University of Cambridge > > DAMTP BioLunch > Microalgal bioluminescence - a complex response to viscoelastic membane deformation

Microalgal bioluminescence - a complex response to viscoelastic membane deformation

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A huge variety of marine microalgae are known to emit blue light when they are exposed to flow induced forces on their surface. This response is hypothesized to function as a defense strategy. Upon the sensing of mechanical forces a biochemical signaling cascade is triggered, which eventually results in light emission. However, the nature of mechanosensing is not completely understood and the difference between shear and normal force-induced bioluminescence is still puzzling. Here, we use micropipettes to hold and deform the single cellular microalgae Pyrocystis lunula. The bioluminescent response is studied using high speed and high sensitivity image acquisition. A precise control of the deformation and deformation rate of the organism enabled us to extract the complex strain dependence of the bioluminescent performance. Moreover, we investigate the dynamics of the flashes and extract the internal time scale of both signal transmission and the bioluminescent reaction itself.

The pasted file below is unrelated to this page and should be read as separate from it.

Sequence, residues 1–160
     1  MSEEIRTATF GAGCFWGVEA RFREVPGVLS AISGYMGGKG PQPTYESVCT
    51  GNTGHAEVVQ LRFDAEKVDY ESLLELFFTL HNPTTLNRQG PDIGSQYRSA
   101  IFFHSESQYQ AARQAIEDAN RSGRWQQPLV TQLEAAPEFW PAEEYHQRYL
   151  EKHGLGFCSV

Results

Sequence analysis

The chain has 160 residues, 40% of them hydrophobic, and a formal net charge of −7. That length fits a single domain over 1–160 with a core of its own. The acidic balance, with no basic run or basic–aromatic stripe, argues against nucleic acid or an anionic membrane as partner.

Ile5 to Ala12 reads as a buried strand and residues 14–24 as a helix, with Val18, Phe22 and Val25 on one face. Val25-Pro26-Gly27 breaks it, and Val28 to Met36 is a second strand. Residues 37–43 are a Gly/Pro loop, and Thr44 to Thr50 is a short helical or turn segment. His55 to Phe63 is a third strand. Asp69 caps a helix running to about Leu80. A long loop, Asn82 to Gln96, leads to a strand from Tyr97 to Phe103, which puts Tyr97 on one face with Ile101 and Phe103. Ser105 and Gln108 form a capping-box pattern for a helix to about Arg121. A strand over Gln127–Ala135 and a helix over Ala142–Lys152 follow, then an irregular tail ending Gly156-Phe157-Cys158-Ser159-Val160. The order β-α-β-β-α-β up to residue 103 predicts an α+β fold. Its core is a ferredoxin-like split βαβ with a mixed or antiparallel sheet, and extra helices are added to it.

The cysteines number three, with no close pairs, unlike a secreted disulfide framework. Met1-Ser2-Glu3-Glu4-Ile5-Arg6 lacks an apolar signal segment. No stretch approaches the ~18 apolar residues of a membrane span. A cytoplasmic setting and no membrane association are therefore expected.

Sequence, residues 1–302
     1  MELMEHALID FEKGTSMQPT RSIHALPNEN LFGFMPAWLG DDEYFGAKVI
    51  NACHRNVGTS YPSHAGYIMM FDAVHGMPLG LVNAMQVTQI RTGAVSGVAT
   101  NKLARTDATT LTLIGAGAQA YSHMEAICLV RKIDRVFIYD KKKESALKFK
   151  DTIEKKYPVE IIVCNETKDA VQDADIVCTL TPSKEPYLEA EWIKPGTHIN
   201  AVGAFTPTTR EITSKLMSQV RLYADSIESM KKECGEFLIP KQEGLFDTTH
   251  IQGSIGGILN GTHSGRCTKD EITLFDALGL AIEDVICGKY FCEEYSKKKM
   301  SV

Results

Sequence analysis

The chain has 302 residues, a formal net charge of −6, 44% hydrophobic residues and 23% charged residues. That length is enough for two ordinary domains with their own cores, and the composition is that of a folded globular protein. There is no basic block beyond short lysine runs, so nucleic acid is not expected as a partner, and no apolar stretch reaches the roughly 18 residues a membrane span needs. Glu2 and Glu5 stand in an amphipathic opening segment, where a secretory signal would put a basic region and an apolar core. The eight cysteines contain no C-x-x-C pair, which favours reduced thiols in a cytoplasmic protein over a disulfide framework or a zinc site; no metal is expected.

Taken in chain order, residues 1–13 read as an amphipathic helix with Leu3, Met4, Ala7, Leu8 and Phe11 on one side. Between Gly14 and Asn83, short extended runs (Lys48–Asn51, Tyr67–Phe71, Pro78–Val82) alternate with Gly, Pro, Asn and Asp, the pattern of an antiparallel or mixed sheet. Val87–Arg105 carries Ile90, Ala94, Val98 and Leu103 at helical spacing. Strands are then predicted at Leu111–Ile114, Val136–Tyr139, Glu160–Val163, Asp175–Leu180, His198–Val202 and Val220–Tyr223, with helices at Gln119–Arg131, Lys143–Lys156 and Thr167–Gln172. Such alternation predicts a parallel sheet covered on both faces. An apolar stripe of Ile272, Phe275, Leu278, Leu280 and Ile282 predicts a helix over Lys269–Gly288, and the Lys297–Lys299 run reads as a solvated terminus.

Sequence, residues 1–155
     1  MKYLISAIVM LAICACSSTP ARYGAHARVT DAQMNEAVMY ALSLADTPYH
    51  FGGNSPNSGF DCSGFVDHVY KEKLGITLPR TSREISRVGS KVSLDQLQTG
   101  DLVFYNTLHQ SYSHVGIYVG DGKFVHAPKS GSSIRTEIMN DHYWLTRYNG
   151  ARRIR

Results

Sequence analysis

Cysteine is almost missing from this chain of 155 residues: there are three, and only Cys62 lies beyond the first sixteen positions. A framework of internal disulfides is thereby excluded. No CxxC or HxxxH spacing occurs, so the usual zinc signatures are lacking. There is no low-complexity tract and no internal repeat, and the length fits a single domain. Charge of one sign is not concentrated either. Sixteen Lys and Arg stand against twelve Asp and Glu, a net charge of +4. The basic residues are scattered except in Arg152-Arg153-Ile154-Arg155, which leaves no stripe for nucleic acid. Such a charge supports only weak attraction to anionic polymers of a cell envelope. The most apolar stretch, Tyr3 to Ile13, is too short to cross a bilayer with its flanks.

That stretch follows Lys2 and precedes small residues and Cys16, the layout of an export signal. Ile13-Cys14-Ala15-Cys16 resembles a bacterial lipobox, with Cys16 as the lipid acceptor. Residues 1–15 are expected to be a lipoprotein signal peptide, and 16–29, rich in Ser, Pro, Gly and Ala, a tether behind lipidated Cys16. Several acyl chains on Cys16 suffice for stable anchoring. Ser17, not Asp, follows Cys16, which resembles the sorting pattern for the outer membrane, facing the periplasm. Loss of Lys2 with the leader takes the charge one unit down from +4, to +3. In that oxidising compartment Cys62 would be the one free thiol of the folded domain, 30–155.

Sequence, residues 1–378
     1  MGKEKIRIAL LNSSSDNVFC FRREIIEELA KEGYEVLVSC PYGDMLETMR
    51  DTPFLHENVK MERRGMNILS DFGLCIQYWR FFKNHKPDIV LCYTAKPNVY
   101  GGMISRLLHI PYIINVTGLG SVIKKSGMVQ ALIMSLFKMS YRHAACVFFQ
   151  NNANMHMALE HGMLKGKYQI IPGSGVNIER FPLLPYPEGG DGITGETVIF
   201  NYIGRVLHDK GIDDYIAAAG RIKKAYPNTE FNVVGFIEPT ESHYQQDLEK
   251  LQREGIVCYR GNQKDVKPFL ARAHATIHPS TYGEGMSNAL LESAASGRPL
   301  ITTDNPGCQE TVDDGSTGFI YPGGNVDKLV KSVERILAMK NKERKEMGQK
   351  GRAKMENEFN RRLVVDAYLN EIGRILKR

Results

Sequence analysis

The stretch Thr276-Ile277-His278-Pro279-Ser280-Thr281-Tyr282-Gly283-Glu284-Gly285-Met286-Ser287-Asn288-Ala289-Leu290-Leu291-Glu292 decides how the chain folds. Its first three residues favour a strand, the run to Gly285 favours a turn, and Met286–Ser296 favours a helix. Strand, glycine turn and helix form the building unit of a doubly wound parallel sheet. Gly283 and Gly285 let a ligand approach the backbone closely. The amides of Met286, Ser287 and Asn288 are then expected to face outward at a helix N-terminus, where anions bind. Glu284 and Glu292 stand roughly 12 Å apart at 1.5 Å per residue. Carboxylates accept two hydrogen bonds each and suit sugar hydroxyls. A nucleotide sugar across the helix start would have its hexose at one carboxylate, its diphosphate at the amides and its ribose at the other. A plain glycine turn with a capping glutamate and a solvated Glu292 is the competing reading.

This talk is part of the DAMTP BioLunch series.

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